Step’s current supporters gathered together last Saturday over a lovely meal at Beales Hotel in Hatfield, to hear the latest stories on how Step has impacted the lives of young people in St Albans and Harpenden.

Why the title “From Buffets to Banquets?”  It is to highlight not only the Dinner last week, but also our annual Barn Dance in January – that was accompanied by a sumptuous buffet!  These two events allowed Step to speak to a variety of people, some who champion and encourage us in various ways, and others who have no idea who we are.  

We were able to showcase and promote the work that we do in schools and talk about Jesus - there is something very powerful about sharing food and talking about Jesus together!  The Dinner and the Barn Dance has raised nearly £11,000 and we are very grateful for the generosity our guests offer Step.  

However, Step is still in the unfortunate position of having a projected deficit of £18,000 by the end of this academic year.  If you would like to help Step, here are the three ways you can:-



Promoting Step.

Thank you everyone for all your efforts to ensure Step continues to offer all it can to the local secondary schools.

The grey matter behind iMatter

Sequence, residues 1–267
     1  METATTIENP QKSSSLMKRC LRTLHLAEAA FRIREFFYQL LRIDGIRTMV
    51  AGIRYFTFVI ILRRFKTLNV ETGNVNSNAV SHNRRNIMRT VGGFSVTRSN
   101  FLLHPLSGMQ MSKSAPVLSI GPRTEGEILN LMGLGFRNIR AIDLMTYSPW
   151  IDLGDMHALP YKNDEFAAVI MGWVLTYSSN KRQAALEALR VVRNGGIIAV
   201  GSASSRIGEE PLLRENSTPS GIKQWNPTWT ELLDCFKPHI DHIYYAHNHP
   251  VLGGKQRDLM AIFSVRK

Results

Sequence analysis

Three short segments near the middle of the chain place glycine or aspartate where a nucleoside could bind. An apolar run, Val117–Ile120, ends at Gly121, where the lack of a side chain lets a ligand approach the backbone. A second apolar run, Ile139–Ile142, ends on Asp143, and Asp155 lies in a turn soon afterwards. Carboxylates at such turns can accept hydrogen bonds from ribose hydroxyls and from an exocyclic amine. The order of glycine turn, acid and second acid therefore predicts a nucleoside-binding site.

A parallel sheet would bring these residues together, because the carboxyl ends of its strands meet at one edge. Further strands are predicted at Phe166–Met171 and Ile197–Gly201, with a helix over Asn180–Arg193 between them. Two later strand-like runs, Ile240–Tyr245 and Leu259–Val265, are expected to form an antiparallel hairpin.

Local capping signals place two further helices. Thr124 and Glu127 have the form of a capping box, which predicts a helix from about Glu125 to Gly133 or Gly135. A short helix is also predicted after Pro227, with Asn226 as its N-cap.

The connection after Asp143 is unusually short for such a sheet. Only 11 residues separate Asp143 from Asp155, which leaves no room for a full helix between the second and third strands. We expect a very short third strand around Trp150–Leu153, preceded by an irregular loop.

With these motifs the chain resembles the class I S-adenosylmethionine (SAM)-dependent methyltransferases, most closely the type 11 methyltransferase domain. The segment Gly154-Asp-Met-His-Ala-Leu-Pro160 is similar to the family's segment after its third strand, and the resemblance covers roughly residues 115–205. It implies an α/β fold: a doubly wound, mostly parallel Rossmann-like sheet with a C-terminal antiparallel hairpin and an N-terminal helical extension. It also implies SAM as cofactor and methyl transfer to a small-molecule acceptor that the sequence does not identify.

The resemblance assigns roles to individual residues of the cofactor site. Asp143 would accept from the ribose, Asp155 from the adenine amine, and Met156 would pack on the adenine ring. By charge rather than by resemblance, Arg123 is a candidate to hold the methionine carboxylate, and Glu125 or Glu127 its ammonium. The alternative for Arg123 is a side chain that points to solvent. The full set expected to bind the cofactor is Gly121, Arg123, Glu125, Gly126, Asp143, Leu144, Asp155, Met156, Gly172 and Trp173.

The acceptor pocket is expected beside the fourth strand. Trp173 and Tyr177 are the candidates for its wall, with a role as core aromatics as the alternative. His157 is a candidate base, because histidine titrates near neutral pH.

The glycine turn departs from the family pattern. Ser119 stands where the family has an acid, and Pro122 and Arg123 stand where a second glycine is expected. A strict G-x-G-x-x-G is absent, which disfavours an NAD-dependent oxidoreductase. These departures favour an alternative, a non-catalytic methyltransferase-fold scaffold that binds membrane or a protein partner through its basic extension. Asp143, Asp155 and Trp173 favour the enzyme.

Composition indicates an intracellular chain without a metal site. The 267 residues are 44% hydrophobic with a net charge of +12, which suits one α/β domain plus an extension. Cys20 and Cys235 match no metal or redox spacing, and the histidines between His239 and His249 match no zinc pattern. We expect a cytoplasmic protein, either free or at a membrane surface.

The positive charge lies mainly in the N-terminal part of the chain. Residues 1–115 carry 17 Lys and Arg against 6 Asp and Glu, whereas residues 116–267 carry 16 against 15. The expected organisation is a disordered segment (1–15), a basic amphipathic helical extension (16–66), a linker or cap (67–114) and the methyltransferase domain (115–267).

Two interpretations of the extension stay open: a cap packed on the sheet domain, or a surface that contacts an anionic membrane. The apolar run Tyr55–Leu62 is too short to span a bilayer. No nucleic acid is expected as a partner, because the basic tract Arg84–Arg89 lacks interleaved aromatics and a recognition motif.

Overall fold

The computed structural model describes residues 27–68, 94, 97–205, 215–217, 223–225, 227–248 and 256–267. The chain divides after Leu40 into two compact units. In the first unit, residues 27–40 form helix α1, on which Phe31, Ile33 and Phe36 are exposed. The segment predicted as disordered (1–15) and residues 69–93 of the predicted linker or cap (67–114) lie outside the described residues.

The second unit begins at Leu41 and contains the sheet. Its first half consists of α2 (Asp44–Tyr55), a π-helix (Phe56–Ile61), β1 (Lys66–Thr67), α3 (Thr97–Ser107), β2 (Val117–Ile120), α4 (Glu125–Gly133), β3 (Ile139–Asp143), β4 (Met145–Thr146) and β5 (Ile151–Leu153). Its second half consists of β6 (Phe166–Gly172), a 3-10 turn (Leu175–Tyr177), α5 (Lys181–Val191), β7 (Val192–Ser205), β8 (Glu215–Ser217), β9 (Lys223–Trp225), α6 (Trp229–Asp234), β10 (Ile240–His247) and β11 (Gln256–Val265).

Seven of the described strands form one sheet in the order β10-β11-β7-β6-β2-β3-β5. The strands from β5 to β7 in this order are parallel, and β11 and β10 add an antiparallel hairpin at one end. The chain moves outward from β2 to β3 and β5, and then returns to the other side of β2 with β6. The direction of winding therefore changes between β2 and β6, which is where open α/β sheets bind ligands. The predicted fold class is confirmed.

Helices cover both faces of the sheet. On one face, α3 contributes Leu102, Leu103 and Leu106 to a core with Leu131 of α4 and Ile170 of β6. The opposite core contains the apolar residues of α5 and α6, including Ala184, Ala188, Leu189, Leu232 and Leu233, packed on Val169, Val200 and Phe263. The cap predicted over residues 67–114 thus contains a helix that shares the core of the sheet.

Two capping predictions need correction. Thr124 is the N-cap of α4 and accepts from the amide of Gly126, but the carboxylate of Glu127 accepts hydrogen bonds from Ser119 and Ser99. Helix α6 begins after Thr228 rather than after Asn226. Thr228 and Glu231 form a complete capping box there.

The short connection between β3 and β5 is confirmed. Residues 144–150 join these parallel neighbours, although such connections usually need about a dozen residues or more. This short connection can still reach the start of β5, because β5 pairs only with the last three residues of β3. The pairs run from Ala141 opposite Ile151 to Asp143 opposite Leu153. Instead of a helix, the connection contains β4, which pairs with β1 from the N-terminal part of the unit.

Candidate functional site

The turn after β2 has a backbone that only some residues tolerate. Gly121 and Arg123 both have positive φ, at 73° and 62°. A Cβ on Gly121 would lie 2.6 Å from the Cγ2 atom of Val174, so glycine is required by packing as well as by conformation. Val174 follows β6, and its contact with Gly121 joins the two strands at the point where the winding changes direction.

Each term our Schools Coordinators and admin staff take a day out of our usual routine to focus on God. This term, on Wednesday 20th March, we invited along our extended team of volunteers to share more about our iMatter theme and its impact in schools. 

We are often asked what inspires our ideas. It’s a very good question but not a simple answer, so on Wednesday we explained how our iMatter theme developed. Chris explained the juxtaposition he found himself in that created the discomfort and challenged him to look for the response Step should be offering, because of our faith, to mental health discussions. 

Coming soon: our brand new iMatter mat

Coming soon: our brand new iMatter mat

Helena went on to explain the resources we have developed because of our iMatter theme to address some of the issues faced by our students. 

Our guest speaker was Kate Middleton, a church leader from Hitchin who works with young people to support their mental health. Kate was very passionate about her role and talked a lot about expected behaviour of teens and how to build resilience in them. 

The conversations on the day were fascinating and very productive, resulting in volunteers signing up to join our lessons and Step Days. It was a wonderful opportunity to build friendships, especially with our newest volunteers who spent much of the day ooh-ing at our resources and cackling at tales of our antics in schools. Click here if you’d like to know more about becoming part of this magnificent volunteer team.

Going forward, some of what we learned on Wednesday will be the inspiration for our next resources. When the team sit to debrief (and the feedback comes in), there will be nuggets of wisdom that shape our thinking and we will certainly be better for them.


Who is the most powerful? Who has the most influence? Who is the best leader?